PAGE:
Journal Article

The Causal Effect of Family Physician Program on the Prevalence, Screening, Awareness, Treatment, and Control of Hypertension and Diabetes Mellitus in an Eastern Mediterranean Region: A Causal Difference-in-Differences Analysis


  • Mohammadi
  • N.
  • Alizadeh
  • A.
  • Saeedi Moghaddam
  • S.
  • Ghasemi
  • E.
  • Ahmadi
  • N.
  • Yaseri
  • M.
  • Rezaei
  • N.
  • Mansournia
  • M.A.
Publication Date

Background: Hypertension (HTN) and diabetes mellitus (DM) as part of non-communicable diseases are among the most common causes of death worldwide, especially in the WHO’s Eastern Mediterranean Region (EMR). The family physician program (FPP) proposed by WHO is a health strategy to provide primary health care and improve the community’s awareness of non-communicable diseases. Since there was no clear focus on the causal effect of FPP on the prevalence, screening, and awareness of HTN and DM, the primary objective of this study is to determine the causal effect of FPP on these factors in Iran, which is an EMR country.

Methods: We conducted a repeated cross-sectional design based on two independent surveys of 42,776 adult participants in 2011 and 2016, of which 2301 individuals were selected from two regions where the family physician program was implemented (FPP) and where it wasn't (non-FPP). We used an Inverse Probability Weighting difference-in-differences and Targeted Maximum Likelihood Estimation analysis to estimate the average treatment effects on treated (ATT) using R version 4.1.1.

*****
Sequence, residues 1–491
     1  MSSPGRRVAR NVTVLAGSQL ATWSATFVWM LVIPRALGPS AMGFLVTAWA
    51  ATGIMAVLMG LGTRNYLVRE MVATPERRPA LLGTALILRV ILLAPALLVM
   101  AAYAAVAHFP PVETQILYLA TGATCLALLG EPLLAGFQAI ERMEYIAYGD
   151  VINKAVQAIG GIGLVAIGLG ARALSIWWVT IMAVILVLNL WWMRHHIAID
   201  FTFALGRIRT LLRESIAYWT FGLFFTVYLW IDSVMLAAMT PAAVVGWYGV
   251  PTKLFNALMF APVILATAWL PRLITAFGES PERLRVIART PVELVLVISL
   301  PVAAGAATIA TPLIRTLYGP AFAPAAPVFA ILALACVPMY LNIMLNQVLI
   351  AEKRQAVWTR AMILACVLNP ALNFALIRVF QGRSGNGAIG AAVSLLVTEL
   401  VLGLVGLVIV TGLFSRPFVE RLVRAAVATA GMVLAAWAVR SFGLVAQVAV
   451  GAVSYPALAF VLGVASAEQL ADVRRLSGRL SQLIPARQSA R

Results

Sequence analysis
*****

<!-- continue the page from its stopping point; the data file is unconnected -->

Results: The FPP implementation increased the screening (ATT = 36%, 95% CI: (27%, 45%), P-value < 0.001) and the control of hypertension (ATT = 26%, 95% CI: (1%, 52%), P-value = 0.03) based on 2017 ACC/AHA guidelines that these results were in keeping with JNC7. There was no causal effect in other indexes, such as prevalence, awareness, and treatment.

The DM screening (ATT = 20%, 95% CI: (6%, 34%), P-value = 0.004) and awareness (ATT = 14%, 95% CI: (1%, 27%), P-value = 0.042) were significantly increased among FPP administered region. However, the treatment of HTN decreased (ATT = -32%, 95% CI: (-59%, -5%), P-value = 0.012).


This study has identified some limitations related to the FPP in managing HTN and DM, and presented solutions to solve them in two general categories. Thus, we recommend that the FPP be revised before the generalization of the program to other parts of Iran.

Kiel Institute Expert

Key Words

  • Family Physician Program
  • Hypertension
  • Diabetes Mellitus
  • Difference-in-difference
  • TMLE
  • Iran

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